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Episode 1607: Thomas Carpenter
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May 10, 2016 11:40 AM PDT
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Tom Carpenter, emeritus professor from the University of Wisconsin and NCTM Lifetime Achievement Award winner, discusses his career in mathematics education.

See the comments for references mentioned during the interview.

Survey 5: Favorites Conferences
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May 02, 2016 11:41 AM PDT
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Please follow this link or use the URL below to indicate your favorite annual conferences in mathematics education.

http://goo.gl/forms/3ypUkYK1I1

See the Survey 4 Results about sources of mathematics education content

Episode 1606: Brent Davis NCTM Plenary
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March 26, 2016 09:12 PM PDT
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Brent Davis from the University of Calgary delivers his plenary, "How research into second-language learning might be useful for improving mathematics teaching practice," at the 2016 NCTM Research Conference, San Francisco, CA.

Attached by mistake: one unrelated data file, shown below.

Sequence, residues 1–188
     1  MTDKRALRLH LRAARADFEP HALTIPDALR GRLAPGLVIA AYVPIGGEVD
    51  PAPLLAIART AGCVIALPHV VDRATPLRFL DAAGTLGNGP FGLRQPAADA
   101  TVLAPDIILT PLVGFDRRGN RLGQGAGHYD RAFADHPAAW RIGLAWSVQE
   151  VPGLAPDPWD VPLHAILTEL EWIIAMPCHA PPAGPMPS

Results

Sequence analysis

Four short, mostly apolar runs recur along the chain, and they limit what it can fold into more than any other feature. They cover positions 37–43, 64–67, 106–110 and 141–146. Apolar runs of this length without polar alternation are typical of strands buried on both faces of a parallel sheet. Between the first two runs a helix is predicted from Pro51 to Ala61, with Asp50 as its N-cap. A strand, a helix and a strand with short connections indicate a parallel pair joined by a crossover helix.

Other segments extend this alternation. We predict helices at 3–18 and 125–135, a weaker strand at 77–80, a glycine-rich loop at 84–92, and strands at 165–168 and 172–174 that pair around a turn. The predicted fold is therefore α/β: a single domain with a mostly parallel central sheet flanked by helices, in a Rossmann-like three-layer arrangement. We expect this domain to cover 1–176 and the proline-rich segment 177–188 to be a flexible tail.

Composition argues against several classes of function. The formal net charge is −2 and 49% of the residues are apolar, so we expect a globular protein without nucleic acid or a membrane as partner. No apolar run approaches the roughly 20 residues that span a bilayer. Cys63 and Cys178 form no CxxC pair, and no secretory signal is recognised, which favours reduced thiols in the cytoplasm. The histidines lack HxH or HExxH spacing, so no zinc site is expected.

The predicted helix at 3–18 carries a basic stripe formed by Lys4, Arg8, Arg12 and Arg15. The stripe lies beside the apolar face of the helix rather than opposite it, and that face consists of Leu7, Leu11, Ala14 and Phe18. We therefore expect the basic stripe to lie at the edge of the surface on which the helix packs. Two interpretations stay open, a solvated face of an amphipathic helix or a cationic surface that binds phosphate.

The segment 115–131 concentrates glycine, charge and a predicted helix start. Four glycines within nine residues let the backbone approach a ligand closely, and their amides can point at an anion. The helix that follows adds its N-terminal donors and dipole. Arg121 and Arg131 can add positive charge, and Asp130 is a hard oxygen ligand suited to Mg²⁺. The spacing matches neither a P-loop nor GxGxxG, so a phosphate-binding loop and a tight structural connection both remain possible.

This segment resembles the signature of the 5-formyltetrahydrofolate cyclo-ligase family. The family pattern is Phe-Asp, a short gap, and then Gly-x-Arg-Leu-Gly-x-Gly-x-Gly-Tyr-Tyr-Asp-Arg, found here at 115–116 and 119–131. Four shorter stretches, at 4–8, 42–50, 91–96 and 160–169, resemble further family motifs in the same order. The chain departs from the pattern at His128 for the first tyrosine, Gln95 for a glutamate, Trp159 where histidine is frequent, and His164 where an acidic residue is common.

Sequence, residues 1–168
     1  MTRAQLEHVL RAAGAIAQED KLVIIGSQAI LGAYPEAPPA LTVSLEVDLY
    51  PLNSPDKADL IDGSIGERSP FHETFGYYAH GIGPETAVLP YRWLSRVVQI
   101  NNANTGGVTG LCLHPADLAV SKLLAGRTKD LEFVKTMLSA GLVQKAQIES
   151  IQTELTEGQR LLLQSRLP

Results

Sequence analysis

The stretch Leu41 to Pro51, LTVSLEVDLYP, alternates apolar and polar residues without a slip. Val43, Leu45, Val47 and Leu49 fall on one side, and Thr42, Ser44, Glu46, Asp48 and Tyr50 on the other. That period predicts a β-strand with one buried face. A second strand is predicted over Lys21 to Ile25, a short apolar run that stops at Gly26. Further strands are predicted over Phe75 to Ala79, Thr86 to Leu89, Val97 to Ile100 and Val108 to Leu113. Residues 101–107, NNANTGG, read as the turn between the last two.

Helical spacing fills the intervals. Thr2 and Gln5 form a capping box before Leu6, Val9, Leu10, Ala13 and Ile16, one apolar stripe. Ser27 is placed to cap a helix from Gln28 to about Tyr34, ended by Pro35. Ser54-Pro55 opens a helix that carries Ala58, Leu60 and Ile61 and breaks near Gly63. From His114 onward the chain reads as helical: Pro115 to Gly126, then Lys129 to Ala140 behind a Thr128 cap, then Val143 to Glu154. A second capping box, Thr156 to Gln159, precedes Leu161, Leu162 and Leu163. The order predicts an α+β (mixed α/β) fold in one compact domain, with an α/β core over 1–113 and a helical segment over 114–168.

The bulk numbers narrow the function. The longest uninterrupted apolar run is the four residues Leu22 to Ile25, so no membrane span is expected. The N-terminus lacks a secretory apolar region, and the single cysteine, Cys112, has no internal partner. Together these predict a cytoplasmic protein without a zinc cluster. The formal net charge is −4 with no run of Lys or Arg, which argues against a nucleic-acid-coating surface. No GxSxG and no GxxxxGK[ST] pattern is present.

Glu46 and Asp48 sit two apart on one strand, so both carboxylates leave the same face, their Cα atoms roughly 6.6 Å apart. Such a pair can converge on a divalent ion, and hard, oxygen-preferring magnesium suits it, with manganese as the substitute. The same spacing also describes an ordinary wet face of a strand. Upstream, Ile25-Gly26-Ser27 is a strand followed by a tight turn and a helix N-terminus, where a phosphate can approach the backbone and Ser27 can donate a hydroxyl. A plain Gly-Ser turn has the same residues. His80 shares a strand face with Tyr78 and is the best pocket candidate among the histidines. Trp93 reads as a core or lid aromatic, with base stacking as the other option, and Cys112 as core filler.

Thanks to NCTM and to Raymond Johnson for helping make this episode possible.

Episode 1605: Rochelle Gutiérrez
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March 07, 2016 11:22 AM PST
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Rochelle Gutiérrez from the University of Illinois at Urbana-Champaign discusses her scholarly career in mathematics education.

See the comments for references mentioned during the interview.

Episode 1604: Raymond Johnson
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February 25, 2016 10:08 AM PST
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Raymond Johnson from the University of Colorado and the Colorado Department of Education discusses the article, "Teachers, tasks, and tensions: Lessons from a research-practice partnership," published in the Journal of Mathematics Teacher Education. (Co-authors: Severance, Penuel, Leary) Open access preprint available through CU